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How a button became one of the greatest #MeToo victories

Inside hotel workers’ fight for their own safety.

A housekeeper at the Embassy Suites by Hilton hotel in Seattle’s Pioneer Square holds a device that lets her push a button and summon help if she is in a threatening situation while working.
Ted S. Warren/AP

Housekeeper Fatoumata Bah’s voice trembled as she described the fear she experiences every time she knocks on a guest’s door.

“Sometimes [the guests] stay in the room while you clean and you have no idea what they are going to do to you,” the Senegalese housekeeper at the Battery Wharf Hotel told me. “I’m so worried about my safety.”

She described an incident earlier this year in which a guest was so enraged, she thought he was going to beat her.

“He was right in front of my face yelling,” she said. “He could have hurt me and no one would know.”

When Bah ran out of the room and called security, she said no one came. No one even asked if she was okay. She still feels traumatized.

Bah is one of 75 workers at the iconic Boston hotel who have been on strike for nearly a month. One reason for the uprising: Managers don’t want to provide housekeepers with panic buttons, according to a spokeswoman for their labor union, Unite Here Local 26. (The Battery Wharf Hotel hasn’t responded to Vox’s request to comment.)

Panic buttons are GPS-enabled devices that alert security, and people can use them when they feel unsafe in a room. By pressing a button, often held in a pocket or clipped onto clothing, the device alerts security guards and gives them the person’s location.

Bah said it’s more important to her to get a panic button than a pay raise. For one, security guards will finally witness what housekeepers have to put up with, instead of assuming they’re lying to avoid cleaning rooms. Second, she could finally have some peace of mind.

Since the #MeToo movement took off in 2017, thousands of hotel housekeepers in eight major US cities and two states have fought for — and won — panic buttons to use at work. It’s an easy, straightforward solution to keeping workers safe. It’s also one of the biggest victories for workplace harassment in any industry.

Housekeeper Edna Vales shows her panic alarm issued to her by her employer at the Hilton hotel in Long Beach.

But that doesn’t mean the fight is over. While hotel chains, such as Marriott and Hyatt, have rolled out panic buttons for some workers, it wasn’t of their own accord. So far, these safety measures are mostly happening at hotels where housekeepers are unionized. Workers have had to fight for the panic buttons during contract negotiations, and like Bah, they’ve even had to go on strike.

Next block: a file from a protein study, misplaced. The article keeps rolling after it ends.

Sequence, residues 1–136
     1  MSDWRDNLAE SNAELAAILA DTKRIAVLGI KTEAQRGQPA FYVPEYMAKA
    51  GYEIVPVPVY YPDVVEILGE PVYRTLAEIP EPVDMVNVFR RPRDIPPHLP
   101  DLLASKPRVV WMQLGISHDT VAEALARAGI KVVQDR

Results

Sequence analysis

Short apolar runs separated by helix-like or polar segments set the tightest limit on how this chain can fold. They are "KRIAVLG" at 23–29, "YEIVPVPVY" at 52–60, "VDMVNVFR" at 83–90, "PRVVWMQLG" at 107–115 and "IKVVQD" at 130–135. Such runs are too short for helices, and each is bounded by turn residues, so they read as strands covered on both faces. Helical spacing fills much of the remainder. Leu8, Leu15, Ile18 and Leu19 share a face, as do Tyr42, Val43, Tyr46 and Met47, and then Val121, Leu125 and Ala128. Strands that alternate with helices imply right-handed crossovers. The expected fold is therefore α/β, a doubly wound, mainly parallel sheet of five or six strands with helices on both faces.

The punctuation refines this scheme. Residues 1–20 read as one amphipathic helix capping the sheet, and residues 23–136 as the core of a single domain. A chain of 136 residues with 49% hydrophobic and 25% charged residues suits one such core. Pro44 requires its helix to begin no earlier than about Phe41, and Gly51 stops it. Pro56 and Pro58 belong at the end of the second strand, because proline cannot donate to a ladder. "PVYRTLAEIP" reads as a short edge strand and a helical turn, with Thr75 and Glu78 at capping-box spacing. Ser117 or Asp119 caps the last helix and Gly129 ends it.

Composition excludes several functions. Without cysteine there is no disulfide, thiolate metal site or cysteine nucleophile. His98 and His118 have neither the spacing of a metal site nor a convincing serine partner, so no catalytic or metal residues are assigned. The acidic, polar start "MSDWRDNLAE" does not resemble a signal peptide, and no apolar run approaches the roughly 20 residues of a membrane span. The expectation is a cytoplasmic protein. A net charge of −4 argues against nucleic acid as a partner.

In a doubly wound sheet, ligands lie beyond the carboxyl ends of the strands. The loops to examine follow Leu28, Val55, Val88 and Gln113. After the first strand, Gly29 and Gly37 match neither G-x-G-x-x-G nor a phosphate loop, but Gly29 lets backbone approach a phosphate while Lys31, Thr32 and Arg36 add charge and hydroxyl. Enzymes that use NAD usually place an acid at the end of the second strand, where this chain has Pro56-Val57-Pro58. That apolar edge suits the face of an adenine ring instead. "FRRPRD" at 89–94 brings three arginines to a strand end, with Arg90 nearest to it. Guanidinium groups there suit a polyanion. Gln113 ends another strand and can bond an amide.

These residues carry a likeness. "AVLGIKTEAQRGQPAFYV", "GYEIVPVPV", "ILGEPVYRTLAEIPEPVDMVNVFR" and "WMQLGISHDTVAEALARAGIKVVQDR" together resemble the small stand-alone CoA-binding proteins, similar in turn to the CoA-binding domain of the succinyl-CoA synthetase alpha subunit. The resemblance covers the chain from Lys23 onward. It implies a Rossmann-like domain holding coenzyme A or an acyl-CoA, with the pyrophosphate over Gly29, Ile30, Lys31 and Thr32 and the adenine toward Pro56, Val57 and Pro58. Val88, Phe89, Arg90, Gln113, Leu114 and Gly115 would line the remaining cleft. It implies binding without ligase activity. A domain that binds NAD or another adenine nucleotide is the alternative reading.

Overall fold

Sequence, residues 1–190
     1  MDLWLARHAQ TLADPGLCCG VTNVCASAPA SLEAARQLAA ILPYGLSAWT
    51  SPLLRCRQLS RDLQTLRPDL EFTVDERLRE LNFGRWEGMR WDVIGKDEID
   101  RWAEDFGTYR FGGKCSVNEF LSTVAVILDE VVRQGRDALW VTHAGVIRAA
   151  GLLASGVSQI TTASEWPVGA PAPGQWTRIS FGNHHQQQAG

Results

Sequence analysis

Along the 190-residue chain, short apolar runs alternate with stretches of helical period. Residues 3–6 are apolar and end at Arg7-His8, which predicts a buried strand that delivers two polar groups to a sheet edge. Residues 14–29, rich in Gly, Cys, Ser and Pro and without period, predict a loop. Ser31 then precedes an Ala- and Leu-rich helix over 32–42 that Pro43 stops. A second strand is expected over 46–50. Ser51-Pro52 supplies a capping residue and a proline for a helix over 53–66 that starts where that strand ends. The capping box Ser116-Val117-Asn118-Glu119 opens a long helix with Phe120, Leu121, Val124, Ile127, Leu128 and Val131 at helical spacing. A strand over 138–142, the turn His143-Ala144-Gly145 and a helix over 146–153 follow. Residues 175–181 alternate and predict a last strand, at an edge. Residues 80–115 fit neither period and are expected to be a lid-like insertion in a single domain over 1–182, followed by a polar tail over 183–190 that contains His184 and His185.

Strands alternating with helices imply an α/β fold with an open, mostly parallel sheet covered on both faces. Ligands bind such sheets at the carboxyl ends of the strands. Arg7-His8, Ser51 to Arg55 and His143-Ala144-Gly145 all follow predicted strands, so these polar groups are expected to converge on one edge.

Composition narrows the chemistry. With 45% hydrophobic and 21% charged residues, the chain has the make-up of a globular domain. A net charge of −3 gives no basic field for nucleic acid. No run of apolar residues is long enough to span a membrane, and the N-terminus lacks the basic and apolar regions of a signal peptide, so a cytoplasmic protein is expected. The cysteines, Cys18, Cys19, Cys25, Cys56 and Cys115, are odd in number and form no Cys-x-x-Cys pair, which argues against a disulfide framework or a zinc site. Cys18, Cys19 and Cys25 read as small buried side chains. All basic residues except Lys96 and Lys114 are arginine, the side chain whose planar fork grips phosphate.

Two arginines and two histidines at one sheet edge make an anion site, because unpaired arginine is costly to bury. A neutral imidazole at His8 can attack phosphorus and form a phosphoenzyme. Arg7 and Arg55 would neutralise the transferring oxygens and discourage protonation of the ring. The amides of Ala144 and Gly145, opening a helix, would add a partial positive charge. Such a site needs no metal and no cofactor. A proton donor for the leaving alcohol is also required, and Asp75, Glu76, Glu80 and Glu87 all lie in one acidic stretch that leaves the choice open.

It’s been up to the workers themselves to lead the charge.

The slow-building movement of the panic button

Those who now have the protection of a panic button say their workplace experience has been life-changing.

“I’m not terrified anymore. I feel calm,” Irene Sachar, a 61-year-old housekeeper, told me in Spanish over the phone. “Sometimes you enter a room, and you don’t know what surprises you’re going to find.”

Sachar has seen many surprises during her 11 years cleaning hotel rooms at the Hyatt Regency in Long Beach, California. Once a male guest let her into his room and started watching pornography. Others have walked around half-naked, covered only by a bath towel. Too many co-workers have been groped, harassed, and propositioned in isolated hotel rooms, she said.

The hotel ended up giving housekeepers panic buttons last year after voters in Long Beach approved a ballot measure that requires all large hotels in the city to provide them. At the time, union leaders said #MeToo had inspired them to push for a citywide solution to sexual harassment.

The need for panic buttons — and laws that mandate them — is more than two years old, however. Working-class women in the restaurant and hospitality industries have the highest rates of reported sexual harassment on the job. From 2005 to 2015, hotel and restaurant workers filed at least 5,000 sexual harassment complaints with the Equal Employment Opportunity Commission — more than representatives of any other industry, according to an analysis by the Center for American Progress.

Housekeeper Edna Vales cleans a room at the Hilton hotel in Long Beach on September 14, 2017.
Scott Varley/Digital First Media/Torrance Daily Breeze via Getty Images

But like most things that spark change, it took a high-profile case to bring attention to the issue. In 2011, a housekeeper at the upscale Sofitel hotel in Manhattan accused Dominique Strauss-Kahn, then the leader of the International Monetary Fund, of sexual assault. Nafissatou Diallo said that Strauss-Kahn ran at her naked, molested her, and forced her to perform oral sex on him as she tried to clean his room. The claims led to a criminal investigation against the IMF chief and his house arrest in Manhattan. However, prosecutors eventually dropped charges of attempted rape, sex abuse, forcible touching, and unlawful imprisonment, citing “substantial credibility issues” with Diallo. Strauss-Khan ended up settling a civil lawsuit filed by Diallo in 2012.

Even though the criminal investigation collapsed, the shocking allegations brought attention to the risks hotel housekeepers face when they are alone with guests behind closed doors.